skip to main content

Title: Real-Time Operating Systems for Cyber-Physical Systems: Current Status and Future Research
This paper studies the current status and future directions of RTOS (Real-Time Operating Systems) for time-sensitive CPS (Cyber-Physical Systems). GPOS (General Purpose Operating Systems) existed before RTOS but did not meet performance requirements for time sensitive CPS. Many GPOS have put forward adaptations to meet the requirements of real-time performance, and this paper compares RTOS and GPOS and shows their pros and cons for CPS applications. Furthermore, comparisons among select RTOS such as VxWorks, RTLinux, and FreeRTOS have been conducted in terms of scheduling, kernel, and priority inversion. Various tools for WCET (Worst-Case Execution Time) estimation are discussed. This paper also presents a CPS use case of RTOS, i.e. JetOS for avionics, and future advancements in RTOS such as multi-core RTOS, new RTOS architecture and RTOS security for CPS.
Authors:
;
Award ID(s):
1757787 1646458 2146968
Publication Date:
NSF-PAR ID:
10232379
Journal Name:
IEEE International Conference on Cyber Physical and Social Computing (CPSCom-2020)
Volume:
1
Page Range or eLocation-ID:
419 - 425
Sponsoring Org:
National Science Foundation
More Like this
  1. Modern latency-sensitive and real-time systems often use multi-core platforms; thus, tasks on different cores share certain hardware resources, such as the memory bus and certain cache levels. This has two undesirable consequences: (1) tasks can interfere with each other, causing high latency for the system as a whole, and (2) it becomes difficult to meet deadlines, since the worst-case timing of a given task depends on the worst task it might have to compete with. Static partitioning isolates tasks from each other by allocating a certain fraction of the resources to each; however, many tasks execute in different phases (e.g.,more »memory-intensive and CPU-intensive) that have different requirements. Thus, system designers are left with a choice between overprovisioning, based on the most demanding phase, or suboptimal performance. In this paper, we propose a pair of techniques, called DNA and DADNA, to address the above challenge. DNA increases throughput and decreases latency, by building an execution profile of each task to identify the phases, and then dynamically allocating resources based on which task can benefit the most; DADNA further adds support for soft real-time workloads by taking deadlines into account. We have built a prototype of both techniques in the Xen hypervisor; our experimental results show that, compared to a state-of-the-art solution, DNA and DADNA can substantially improve schedulability, reduce job deadline miss ratios, and cut latencies by more than a factor of two even in extremely overloaded situations.« less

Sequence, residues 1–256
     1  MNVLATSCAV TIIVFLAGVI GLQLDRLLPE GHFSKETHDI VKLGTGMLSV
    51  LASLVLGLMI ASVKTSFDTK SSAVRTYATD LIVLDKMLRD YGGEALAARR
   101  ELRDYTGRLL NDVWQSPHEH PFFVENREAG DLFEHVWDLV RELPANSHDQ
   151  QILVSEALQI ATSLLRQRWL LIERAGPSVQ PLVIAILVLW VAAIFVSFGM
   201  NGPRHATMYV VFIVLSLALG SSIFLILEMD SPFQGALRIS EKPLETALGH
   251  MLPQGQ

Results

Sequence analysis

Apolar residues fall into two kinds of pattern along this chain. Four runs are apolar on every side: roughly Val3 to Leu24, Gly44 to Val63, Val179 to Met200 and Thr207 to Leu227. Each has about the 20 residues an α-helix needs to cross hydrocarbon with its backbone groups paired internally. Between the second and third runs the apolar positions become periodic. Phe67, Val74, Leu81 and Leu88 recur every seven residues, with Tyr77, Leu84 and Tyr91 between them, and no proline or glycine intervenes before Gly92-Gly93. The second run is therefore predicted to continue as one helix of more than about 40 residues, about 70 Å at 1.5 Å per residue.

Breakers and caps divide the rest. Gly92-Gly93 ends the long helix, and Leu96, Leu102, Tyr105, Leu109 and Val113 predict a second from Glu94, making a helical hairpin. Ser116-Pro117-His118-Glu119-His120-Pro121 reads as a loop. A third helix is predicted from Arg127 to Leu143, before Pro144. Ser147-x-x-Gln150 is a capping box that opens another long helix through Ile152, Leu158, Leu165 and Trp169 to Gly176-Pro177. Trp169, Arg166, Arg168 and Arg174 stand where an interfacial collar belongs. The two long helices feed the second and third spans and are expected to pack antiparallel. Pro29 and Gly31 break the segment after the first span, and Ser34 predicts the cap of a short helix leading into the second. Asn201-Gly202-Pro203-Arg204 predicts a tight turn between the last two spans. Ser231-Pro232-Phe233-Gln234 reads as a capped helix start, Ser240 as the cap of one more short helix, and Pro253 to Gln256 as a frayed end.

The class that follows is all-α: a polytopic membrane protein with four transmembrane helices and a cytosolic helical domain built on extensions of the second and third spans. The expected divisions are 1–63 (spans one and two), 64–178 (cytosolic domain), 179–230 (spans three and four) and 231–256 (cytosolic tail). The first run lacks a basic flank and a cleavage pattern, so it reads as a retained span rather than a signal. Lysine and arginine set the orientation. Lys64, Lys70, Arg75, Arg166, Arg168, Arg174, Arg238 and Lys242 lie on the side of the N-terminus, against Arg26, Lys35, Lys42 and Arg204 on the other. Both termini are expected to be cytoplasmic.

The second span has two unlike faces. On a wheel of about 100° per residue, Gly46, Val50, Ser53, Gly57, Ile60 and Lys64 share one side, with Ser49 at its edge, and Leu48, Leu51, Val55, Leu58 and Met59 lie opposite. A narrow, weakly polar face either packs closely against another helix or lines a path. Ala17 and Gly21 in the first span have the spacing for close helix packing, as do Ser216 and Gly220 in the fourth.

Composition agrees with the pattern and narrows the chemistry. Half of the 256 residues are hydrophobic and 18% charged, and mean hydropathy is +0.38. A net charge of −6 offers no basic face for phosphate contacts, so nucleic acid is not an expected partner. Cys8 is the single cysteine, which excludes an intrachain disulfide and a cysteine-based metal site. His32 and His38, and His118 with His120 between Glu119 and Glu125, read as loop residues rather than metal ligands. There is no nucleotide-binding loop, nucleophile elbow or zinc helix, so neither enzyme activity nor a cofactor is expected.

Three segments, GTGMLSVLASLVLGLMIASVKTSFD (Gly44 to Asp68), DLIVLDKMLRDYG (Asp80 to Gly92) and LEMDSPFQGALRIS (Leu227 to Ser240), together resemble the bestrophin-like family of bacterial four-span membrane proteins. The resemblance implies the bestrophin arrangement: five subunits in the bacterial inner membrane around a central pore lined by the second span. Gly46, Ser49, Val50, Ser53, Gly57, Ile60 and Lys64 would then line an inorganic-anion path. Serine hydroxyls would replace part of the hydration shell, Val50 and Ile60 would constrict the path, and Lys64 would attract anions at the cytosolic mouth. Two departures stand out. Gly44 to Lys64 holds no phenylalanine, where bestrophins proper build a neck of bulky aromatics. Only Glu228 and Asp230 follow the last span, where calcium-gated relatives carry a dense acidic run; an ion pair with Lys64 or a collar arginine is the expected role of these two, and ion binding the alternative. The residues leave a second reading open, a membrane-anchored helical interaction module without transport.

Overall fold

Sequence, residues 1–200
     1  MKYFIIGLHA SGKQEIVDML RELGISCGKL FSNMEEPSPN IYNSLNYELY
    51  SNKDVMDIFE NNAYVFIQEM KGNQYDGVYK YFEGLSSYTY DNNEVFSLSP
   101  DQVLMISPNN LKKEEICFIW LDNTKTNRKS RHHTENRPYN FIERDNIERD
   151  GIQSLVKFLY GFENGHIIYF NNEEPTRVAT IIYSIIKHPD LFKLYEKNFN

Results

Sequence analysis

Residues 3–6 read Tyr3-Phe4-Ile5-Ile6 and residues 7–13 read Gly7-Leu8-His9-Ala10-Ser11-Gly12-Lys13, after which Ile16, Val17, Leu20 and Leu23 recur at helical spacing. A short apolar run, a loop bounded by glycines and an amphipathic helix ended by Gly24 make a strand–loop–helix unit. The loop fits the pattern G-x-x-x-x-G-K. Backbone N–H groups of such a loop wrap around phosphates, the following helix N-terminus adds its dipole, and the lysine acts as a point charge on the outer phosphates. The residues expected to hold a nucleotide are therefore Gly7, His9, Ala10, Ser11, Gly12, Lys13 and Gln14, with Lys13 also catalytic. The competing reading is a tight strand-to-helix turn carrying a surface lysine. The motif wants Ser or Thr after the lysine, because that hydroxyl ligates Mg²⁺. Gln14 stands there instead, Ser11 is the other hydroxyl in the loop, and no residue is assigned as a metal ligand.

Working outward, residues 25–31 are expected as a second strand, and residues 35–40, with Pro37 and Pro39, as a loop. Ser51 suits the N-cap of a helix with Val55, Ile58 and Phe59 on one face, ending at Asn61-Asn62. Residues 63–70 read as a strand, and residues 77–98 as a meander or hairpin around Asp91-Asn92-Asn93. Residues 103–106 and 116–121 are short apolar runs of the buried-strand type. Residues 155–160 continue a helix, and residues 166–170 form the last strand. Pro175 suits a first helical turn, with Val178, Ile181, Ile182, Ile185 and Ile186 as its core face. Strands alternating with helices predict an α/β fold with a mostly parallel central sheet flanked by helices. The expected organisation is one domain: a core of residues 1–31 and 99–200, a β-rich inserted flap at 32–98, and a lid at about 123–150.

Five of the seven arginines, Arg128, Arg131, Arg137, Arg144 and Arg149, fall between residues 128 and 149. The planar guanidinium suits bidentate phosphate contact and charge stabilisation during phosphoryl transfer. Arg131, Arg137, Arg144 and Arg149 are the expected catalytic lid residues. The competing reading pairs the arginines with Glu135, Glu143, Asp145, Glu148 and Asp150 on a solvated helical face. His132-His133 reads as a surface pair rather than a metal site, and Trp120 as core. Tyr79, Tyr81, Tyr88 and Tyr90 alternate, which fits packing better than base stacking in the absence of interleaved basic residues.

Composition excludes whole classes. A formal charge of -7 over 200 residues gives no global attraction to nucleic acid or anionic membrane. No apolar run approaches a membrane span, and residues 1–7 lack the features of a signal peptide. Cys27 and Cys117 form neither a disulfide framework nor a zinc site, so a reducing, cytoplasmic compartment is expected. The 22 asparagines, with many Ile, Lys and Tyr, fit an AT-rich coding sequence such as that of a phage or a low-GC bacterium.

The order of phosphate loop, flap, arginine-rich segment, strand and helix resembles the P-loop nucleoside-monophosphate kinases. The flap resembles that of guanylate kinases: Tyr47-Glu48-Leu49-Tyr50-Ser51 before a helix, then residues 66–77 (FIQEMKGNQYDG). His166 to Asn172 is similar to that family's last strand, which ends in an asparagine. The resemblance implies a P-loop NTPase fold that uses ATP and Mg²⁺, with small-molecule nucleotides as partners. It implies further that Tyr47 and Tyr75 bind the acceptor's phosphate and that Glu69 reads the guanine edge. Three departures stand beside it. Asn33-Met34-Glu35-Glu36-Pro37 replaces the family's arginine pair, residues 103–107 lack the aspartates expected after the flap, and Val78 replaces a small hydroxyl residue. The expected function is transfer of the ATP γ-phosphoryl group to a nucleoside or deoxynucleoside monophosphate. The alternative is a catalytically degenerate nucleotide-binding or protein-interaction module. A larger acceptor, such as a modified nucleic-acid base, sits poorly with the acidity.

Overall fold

2. We consider the problem of resource provisioning for real-time cyber-physical applications in an open system environment where there does not exist a global resource scheduler that has complete knowledge of the real-time performance requirements of each individual application that shares the resources with the other applications. Regularity-based Resource Partition (RRP) model is an effective strategy to hierarchically partition and assign various resource slices among the applications. However, RRP model does not consider changes in resource requests from the applications at run time. To allow for the run time adaptation to change resource requirements, we consider in this paper the issuesmore »in online resource partition reconfiguration, including semantics issues that arise in configuration transitions that may cause application failures. Based on the reconfiguration semantics, we study the online resource reconfigurability problem under the RRP model where the availability factors of resource partitions may be reconfigured during run time. We formalize the Dynamic Partition Reconfiguration (DPR) problem and provide a solution to this problem. Extensive experiments have been conducted to evaluate the performance of the proposed approach in different scenarios. We also present a case study using the autonomous F1/10 model car; the controller of the F1/10 car requires resource adaptation to satisfy the computing needs of its PID controller and vision system under different operating conditions. Our implementation demonstrates the effectiveness and benefit of online resource partition reconfiguration using the DPR approach in a real system.« less